An assessment of RR of SOM development was made for each of the above LOH patterns (Table 3). Risk was 4.2-fold higher for cases with 3p LOH compared with 3p retention (95% CI, 2.1–8.6) and 3.8-fold higher for 9p LOH compared with 9p retention (95% CI, 1.7–8.5). RR for 4q, 8p, and 11q was <3 with RR for 13q and 17p at <1.2. In contrast to these results with molecular markers, histological diagnosis for the leukoplakia gave only a 1.7-fold increase in risk when high-grade lesions (moderate/severe dysplasias) and lesions with little or no dysplasia (hyperplasia/mild dysplasia) were compared.
A striking increase in RR was observed when loss at 3p and 9p were combined. Cases with LOH at 3p and/or 9p had a 26.3-fold increase in risk (P < 0.001) compared with those that retained both arms. This suggests that allelic loss at 3p14 and/or 9p21 may be an extremely effective predictor of cancer development at previously treated oral cancer sites. It is of interest that knowledge of loss at other arms does not improve predictive value for this comparison. When cases with LOH at 3p and/or 9p only were compared with those with 3p and/or 9p combined with loss at any other arm (4q, 8p, 11q, 13q, or 17p) the increase was not significant (RR = 1.02; 95% CI, 0.49–2.11).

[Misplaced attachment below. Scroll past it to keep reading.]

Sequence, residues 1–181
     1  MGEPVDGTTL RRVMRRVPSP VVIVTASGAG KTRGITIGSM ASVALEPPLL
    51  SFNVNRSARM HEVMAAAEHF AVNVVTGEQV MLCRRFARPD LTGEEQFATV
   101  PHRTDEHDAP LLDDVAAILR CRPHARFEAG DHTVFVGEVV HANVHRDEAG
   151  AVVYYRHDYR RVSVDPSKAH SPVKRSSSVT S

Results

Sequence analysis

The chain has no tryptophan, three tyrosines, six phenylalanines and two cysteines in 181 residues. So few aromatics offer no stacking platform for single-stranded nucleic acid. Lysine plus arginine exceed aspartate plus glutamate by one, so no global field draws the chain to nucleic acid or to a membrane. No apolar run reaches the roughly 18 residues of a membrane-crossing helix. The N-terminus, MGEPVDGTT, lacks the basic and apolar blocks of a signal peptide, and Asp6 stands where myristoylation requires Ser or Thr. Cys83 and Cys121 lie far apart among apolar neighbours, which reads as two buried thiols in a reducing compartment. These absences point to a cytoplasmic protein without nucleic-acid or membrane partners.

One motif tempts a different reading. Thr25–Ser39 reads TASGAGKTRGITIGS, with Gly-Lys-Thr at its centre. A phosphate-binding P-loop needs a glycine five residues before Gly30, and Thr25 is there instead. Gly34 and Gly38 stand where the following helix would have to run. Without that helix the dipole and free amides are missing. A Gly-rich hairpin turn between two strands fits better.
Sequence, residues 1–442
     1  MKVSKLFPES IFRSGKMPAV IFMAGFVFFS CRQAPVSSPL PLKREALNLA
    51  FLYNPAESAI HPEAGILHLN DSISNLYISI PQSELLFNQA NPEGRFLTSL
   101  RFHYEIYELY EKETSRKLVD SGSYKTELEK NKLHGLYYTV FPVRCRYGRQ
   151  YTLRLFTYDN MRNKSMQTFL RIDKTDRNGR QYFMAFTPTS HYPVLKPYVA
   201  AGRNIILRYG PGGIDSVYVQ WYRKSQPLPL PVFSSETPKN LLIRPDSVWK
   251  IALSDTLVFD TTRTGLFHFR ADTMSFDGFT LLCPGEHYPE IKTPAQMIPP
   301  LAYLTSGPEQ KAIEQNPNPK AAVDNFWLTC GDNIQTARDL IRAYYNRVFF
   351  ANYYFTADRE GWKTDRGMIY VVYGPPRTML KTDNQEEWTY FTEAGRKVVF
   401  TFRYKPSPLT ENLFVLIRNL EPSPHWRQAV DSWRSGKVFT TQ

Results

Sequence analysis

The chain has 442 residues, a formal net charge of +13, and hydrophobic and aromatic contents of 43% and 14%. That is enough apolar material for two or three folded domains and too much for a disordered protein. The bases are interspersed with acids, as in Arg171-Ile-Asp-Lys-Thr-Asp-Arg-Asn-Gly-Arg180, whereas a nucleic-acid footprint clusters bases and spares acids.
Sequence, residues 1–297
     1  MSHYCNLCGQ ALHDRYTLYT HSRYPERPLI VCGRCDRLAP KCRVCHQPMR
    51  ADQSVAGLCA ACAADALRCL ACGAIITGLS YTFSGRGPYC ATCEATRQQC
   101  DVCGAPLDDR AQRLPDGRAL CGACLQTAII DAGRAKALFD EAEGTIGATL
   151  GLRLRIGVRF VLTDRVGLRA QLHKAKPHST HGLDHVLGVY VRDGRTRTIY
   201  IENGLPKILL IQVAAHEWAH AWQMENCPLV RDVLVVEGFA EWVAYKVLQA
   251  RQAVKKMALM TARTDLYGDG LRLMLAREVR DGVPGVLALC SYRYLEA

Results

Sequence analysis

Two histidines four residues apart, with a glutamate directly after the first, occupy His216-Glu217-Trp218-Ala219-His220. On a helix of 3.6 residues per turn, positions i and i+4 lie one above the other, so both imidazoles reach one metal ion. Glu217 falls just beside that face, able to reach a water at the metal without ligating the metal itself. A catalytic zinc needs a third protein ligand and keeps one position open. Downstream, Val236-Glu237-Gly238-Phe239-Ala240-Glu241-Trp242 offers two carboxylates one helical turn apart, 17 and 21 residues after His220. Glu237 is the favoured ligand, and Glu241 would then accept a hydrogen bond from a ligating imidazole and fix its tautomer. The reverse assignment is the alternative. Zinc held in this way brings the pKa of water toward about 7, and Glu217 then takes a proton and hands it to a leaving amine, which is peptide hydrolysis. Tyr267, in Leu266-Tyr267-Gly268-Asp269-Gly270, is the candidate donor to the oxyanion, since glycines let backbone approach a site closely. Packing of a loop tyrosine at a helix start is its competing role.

In summary, this work describes for the first time the use of microsatellite analysis to predict outcome for leukoplakia developing at former cancer sites. The data suggest that 3p and 9p loss in these OPLs is a strong risk indicator of SOM development, regardless of the histological diagnosis. Twenty-two (61%) of the lesions that developed into SOM were histologically benign (hyperplasia or mild dysplasia) and, as such, would probably have been left untreated by most clinicians. However, 21 of these lesions (95%) had this high-risk molecular profile. Also of note is the speed at which such leukoplakia progress. Of 45 patients with LOH at 3p and/9p, it was estimated that 60% (95% CI, 42–73) developed into SOM within 2 years and 69% (95% CI, 50–80) at 3 years. At 5 years, the proportion increased to 72% (95% CI, 53–83). These data strongly suggest that the identification of such alterations at a former cancer site should alert the clinician to the presence of a potentially aggressive lesion, even if the histological diagnosis is hyperplasia or mild dysplasia, and even if distinction between SPT and recurrence could not be determined.
The costs of publication of this article were defrayed in part by the payment of page charges. This article must therefore be hereby marked advertisement in accordance with 18 U.S.C. Section 1734 solely to indicate this fact.
Supported by Grant #1 R01 DE13124 from the National Institute of Dental and Craniofacial Research (NIH) and by a grant from National Science Engineering Research Council (NSERC).
The abbreviations used are: SOM, second oral malignancy; CIS, carcinoma in situ; LOH, loss of heterozygosity; SCC, squamous cell carcinoma; OPL, oral premalignant lesion; BC, British Columbia; SPT, second primary tumor; CI, confidence interval; RR, relative risk.